How does Pahom change when he becomes a landowner in Leo Tolstoy's "How Much Land Does a Man Need?"

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In Leo Tolstoy's "How Much Land Does a Man Need?", one way in which Pahom changes upon becoming a landowner is that his greed leads him to become blind to the needs and innocence of others. At the start of the story, as a peasant who rents land from...

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In Leo Tolstoy's "How Much Land Does a Man Need?", one way in which Pahom changes upon becoming a landowner is that his greed leads him to become blind to the needs and innocence of others.

At the start of the story, as a peasant who rents land from others, Pahom feels oppressed by the steward a lady landowner of the village has hired. The steward frequently accuses the peasants of trespassing on the lady's land and has them fined. Upon buying his own 40 acres from the lady, he at first overlooks peasant trespassers because he knows how burdensome the peasant life can be, as we see when the narrator explains, "He knew it was the peasants' want of land, and no evil intent on their part, that caused the trouble." Because he is understanding due to his own oppression, he turns the peasants off his land and forgives them each time. However, eventually, his greed for his own land overrides any feelings of compassion he has. He becomes so greedy to protect his land that he begins thinking to himself the following:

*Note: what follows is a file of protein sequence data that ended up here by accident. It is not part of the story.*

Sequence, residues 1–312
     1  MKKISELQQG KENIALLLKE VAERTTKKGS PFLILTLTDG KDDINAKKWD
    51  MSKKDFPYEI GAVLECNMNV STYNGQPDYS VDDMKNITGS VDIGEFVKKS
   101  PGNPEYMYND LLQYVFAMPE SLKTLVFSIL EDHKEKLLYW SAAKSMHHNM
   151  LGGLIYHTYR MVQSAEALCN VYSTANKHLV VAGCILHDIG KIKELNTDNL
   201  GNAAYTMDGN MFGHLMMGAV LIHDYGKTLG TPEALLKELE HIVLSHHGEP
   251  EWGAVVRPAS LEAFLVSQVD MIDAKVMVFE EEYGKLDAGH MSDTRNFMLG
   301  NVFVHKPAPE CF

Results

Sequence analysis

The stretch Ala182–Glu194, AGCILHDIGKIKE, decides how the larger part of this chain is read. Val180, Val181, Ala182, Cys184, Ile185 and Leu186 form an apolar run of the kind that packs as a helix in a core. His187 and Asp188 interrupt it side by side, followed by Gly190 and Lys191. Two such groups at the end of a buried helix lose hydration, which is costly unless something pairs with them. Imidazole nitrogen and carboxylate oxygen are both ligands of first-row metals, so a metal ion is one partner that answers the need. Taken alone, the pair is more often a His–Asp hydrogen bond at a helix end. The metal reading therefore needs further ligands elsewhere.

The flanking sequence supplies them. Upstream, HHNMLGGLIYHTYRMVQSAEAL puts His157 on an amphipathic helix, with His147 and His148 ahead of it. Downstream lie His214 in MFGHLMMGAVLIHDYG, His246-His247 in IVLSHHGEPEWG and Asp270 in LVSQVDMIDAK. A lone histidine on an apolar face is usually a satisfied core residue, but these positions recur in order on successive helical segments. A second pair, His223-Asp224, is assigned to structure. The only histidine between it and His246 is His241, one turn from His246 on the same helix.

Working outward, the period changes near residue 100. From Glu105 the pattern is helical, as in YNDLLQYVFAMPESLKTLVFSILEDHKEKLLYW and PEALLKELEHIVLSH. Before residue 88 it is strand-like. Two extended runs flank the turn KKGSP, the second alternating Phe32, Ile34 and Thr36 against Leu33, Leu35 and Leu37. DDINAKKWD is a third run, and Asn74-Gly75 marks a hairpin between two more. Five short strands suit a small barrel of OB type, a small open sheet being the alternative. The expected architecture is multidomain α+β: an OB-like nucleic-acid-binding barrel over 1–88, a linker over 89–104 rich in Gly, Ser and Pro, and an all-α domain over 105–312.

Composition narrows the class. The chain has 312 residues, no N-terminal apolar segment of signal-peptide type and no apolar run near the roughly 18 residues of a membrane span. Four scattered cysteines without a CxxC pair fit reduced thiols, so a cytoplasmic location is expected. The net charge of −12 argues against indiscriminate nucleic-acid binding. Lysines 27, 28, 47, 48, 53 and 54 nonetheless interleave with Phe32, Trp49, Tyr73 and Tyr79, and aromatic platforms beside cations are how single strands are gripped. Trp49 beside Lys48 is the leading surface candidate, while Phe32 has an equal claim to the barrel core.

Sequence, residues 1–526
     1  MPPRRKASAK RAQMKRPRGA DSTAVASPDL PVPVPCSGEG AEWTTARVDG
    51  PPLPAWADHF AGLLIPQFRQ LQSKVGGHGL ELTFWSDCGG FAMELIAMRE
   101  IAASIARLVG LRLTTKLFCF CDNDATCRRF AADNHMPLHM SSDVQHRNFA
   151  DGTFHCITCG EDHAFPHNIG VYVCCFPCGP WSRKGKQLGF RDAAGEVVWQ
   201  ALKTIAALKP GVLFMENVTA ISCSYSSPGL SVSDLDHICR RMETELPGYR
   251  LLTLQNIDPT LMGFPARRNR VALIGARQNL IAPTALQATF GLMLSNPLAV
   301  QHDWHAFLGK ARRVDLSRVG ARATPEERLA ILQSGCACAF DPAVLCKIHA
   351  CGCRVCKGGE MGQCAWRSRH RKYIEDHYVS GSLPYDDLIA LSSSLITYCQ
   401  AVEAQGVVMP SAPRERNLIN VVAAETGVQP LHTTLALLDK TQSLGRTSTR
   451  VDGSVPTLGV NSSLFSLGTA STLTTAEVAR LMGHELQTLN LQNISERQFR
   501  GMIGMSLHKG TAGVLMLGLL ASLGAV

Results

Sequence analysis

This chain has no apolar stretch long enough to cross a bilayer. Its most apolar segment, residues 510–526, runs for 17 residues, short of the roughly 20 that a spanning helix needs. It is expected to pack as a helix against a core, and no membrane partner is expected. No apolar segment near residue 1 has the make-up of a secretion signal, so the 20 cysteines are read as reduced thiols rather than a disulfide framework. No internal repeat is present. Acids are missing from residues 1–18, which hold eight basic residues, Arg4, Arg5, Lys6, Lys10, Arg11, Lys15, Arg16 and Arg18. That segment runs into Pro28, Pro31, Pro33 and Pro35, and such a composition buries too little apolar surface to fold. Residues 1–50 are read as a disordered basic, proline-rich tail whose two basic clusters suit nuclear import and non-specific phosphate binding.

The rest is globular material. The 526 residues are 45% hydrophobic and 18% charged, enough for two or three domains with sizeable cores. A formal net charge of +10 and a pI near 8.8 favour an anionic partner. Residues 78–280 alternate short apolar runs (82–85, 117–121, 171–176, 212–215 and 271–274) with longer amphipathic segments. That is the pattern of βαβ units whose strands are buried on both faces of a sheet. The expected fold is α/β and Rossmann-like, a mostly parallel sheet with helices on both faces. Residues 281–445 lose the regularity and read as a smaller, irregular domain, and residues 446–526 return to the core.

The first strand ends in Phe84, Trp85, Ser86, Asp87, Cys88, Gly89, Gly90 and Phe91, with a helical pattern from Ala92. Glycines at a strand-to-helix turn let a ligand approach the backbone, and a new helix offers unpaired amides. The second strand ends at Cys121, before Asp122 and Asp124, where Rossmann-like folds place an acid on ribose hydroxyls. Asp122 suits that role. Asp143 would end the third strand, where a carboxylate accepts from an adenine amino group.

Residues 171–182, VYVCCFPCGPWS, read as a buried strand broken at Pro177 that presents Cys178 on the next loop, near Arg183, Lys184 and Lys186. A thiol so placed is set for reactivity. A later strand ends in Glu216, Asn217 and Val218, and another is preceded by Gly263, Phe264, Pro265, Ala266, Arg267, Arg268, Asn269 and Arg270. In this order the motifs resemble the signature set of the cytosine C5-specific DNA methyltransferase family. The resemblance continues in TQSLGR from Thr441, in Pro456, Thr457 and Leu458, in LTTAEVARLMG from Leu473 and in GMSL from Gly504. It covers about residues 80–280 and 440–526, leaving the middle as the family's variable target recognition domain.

I cannot go on overlooking it, or they will destroy all I have. They must be taught a lesson. (Ch. 3)

After that point, he begins prosecuting the peasants in court and having them fined, just as he was fined by the oppressive steward.

Not only does he become as oppressive as the steward, his greed leads him to make a costly, blind mistake in judgement. When he sees that some unknown peasant has cut down a clump of lime trees to harvest their bark, he becomes so determined to find out who the guilty culprit is that he wrongly decides a peasant named Simon is the guilty one. He continues to believe in Simon's guilt even though Pahom can find no evidence of the deed around Simon's home. Regardless of lack of evidence, Pahom takes him to court. When Pahom loses the case, he becomes the laughingstock of the village, making his life miserable in the village. His misery is caused by his greed.

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